Philippians 4:3 MEANING

Philippians 4:3
(3) I intreat.--This rendering is too strong. It is, I ask, or request. The word means properly, to ask a question; secondarily, to make a request on equal terms, as of right. Hence never used (except, perhaps, in 1 John 5:16) of prayer from us to God.

True yokefellow,--This obscure phrase has greatly exercised conjecture. (1) It is curious historically to note the opinion, as old as Clement of Alexandria, that St. Paul referred to his own wife; but the opinion is clearly untenable in the face of 1 Corinthians 7:8; 1 Corinthians 9:5. (2) The word is never elsewhere applied by St. Paul to a fellow-Christian, and must denote some peculiar fellowship. Many guesses as to its meaning have been made. Some refer it to St. Luke, who seems to be in the history closely connected with Philippi; others to Lydia, the first-fruits of the gospel in that city. Perhaps the most likely supposition is that it may refer to Epaphroditus, the bearer, perhaps the amanuensis, of the Epistle, who had certainly come to help St. Paul to bear his yoke of suffering, and in whose case the sudden address in the second person would cause no ambiguity. (3) But a not improbable conjecture is that the word is a proper name--"Syzygus"--a'name, it is true, not actually known--and that the word "true" (properly, genuine) means "Syzygus, rightly so-called." It is obvious to compare the play on the name "Onesimus," in Philemon 1:11.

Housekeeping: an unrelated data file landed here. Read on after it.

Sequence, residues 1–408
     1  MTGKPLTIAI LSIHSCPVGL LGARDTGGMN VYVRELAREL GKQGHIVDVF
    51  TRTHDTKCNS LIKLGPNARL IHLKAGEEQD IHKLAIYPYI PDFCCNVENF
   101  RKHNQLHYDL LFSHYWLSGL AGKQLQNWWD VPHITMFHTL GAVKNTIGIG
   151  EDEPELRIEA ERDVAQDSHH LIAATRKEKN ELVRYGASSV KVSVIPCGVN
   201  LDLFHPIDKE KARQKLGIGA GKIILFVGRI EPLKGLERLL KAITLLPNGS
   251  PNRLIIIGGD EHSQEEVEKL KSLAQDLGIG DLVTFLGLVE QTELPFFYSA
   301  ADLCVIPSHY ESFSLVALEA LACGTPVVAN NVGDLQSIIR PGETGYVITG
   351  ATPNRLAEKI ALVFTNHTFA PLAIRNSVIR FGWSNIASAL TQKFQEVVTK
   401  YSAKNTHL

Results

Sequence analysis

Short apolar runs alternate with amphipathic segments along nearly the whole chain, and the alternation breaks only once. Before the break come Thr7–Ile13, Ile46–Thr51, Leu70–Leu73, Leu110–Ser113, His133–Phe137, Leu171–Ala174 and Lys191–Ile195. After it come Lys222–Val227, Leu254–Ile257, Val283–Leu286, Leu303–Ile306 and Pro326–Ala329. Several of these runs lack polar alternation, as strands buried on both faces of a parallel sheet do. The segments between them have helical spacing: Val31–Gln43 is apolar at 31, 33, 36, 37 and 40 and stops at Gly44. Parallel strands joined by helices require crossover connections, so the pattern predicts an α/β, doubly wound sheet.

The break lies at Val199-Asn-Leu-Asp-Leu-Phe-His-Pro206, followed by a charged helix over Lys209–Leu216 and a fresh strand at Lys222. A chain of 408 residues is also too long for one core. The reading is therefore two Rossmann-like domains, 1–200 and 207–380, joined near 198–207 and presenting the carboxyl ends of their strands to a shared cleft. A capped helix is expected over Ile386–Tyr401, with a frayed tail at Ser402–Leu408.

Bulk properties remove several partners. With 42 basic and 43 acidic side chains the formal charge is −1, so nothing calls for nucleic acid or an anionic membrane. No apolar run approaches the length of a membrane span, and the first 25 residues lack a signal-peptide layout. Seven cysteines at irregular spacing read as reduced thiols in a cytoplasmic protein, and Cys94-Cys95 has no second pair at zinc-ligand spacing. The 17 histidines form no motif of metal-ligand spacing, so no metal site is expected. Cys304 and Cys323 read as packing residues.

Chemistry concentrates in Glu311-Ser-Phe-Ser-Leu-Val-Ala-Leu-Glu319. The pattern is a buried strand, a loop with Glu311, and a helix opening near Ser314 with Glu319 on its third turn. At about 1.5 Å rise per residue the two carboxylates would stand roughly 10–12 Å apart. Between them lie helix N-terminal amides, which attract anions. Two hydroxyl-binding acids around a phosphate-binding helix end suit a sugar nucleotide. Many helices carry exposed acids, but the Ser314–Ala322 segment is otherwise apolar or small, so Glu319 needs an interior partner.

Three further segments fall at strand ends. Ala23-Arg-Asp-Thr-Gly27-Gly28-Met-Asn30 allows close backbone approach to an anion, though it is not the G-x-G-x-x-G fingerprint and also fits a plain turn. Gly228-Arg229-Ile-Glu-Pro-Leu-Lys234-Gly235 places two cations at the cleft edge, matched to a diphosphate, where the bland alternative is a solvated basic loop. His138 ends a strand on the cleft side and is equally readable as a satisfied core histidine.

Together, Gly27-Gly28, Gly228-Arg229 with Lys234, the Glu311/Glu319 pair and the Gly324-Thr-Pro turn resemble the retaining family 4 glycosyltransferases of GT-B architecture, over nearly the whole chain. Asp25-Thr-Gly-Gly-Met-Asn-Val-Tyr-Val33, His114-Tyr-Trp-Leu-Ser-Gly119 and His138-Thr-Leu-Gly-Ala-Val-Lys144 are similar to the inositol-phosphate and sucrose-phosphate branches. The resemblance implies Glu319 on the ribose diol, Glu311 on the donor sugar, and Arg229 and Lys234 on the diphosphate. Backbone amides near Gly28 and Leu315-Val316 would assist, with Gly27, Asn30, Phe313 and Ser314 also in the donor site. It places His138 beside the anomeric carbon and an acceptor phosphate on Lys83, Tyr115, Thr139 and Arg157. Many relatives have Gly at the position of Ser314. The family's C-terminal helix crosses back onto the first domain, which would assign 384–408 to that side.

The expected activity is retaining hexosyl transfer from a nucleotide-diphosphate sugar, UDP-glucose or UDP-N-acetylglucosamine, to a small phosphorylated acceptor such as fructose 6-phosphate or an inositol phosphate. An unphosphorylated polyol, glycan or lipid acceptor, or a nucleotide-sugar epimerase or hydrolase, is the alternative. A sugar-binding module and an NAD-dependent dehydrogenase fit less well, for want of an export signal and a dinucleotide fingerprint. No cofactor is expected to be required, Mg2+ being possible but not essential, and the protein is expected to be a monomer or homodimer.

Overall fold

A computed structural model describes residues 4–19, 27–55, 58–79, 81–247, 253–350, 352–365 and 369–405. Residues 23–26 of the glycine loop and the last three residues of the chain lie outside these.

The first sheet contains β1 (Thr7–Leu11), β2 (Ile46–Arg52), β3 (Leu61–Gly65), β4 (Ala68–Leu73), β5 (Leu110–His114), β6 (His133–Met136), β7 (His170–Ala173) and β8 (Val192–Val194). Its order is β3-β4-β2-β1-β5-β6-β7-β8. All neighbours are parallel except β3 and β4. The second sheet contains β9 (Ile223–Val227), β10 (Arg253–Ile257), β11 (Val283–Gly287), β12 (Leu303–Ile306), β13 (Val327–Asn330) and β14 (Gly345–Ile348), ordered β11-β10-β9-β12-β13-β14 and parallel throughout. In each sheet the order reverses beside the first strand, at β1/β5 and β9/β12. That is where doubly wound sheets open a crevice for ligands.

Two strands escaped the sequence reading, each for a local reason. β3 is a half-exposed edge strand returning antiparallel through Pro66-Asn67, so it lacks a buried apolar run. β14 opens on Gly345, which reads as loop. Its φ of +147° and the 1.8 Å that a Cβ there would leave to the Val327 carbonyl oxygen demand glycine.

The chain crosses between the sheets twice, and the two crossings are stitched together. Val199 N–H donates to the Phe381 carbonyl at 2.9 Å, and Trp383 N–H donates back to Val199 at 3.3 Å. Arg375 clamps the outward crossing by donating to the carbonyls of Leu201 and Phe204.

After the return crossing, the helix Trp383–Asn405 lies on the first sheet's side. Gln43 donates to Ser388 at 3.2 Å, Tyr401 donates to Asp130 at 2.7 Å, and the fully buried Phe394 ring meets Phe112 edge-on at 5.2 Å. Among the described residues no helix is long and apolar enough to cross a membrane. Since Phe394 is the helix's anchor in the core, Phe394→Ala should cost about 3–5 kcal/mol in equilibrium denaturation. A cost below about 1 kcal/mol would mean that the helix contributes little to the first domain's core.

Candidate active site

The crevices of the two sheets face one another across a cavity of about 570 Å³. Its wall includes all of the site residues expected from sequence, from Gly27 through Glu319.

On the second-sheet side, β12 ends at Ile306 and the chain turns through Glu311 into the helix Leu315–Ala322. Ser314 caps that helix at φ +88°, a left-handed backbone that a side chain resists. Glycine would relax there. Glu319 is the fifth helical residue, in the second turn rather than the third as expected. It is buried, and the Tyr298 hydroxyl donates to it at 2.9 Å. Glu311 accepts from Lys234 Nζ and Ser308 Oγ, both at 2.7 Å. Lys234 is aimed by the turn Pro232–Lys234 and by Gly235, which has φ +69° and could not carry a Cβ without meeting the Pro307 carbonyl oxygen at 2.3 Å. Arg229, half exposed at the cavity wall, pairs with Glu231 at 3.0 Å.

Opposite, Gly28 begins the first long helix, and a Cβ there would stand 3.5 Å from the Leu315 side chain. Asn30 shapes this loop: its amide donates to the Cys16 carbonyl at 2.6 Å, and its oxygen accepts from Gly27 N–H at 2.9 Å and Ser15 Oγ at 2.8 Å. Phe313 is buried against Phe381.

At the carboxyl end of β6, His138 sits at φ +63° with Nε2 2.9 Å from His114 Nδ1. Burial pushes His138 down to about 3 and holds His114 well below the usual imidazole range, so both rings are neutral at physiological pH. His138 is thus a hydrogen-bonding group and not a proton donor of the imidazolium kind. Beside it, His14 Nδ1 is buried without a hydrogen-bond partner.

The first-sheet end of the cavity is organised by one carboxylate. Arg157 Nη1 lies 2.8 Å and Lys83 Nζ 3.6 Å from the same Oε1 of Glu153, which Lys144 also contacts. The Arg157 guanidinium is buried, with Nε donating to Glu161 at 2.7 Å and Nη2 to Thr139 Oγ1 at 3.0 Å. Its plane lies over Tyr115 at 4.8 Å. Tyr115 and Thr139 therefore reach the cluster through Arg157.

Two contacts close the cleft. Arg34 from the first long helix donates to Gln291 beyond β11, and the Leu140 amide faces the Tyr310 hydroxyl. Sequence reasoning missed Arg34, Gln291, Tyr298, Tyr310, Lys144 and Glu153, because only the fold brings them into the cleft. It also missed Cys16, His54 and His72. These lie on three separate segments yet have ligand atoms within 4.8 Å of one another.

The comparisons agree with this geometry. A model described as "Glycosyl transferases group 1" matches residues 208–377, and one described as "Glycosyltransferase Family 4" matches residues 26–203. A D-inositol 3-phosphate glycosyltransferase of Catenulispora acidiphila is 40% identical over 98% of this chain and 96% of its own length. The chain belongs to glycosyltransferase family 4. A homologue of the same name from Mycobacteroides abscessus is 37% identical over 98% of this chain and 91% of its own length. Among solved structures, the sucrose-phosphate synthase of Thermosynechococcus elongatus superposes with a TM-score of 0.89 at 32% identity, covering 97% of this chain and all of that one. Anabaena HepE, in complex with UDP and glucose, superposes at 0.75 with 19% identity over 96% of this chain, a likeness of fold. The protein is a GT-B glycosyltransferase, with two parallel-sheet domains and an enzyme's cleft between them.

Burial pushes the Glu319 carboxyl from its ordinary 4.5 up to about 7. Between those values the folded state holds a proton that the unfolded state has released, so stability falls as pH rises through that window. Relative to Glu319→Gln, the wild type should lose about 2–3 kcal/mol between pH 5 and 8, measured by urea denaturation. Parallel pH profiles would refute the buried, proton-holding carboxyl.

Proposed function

Those women . . .--It should be, help them (Euodia and Syntyche), inasmuch as they laboured with me. The word "laboured" signifies "joined with me in my struggle," and probably refers to something more than ordinary labour, in the critical times of suffering at Philippi.

Clement.--From the time of Origen downwards this Clement has been identified with the famous Clement, bishop of Rome, and author of the well-known Epistle to the Church at Corinth, of whom Irenaeus expressly says that he had seen and been in company with "the blessed Apostles," and who in his Epistle refers emphatically to the examples both of St. Peter and St. Paul, as belonging to the times "very near at hand;" but dwells especially on St. Paul, "as seven times a prisoner in chains, exiled, stoned," "a herald of the gospel in the East and the West," "a teacher of righteousness to the whole world," and one who "penetrated to the farthest border of the West." (See his Epistle, Php. 5)

The fact that he was at this time working at Philippi--considering that Philippi, as a Roman colony, was virtually a part of Rome--is no objection to this identification; nor is the chronology decisive against it, though it would make Clement an old man when he wrote his Epistle. The identification may stand as not improbable, while the commonness of the name Clemens makes it far from certain.

Whose names are in the book of life.--For "the Book of Life," see Daniel 12:1; Revelation 3:5; Revelation 13:8; Revelation 17:8; Revelation 20:12; Revelation 21:27. From that Book the name may be blotted out now (Revelation 3:5; comp. Exodus 32:33) till the end fixes it for ever. There is (as has been always noticed) a peculiar beauty in the allusion here. The Apostle does not mention his fellow-labourers by name, but it matters not; the names are written before God in the Book of Life. If they continue in His service, those names shall shine out hereafter, when the great names of the earth fade into nothingness.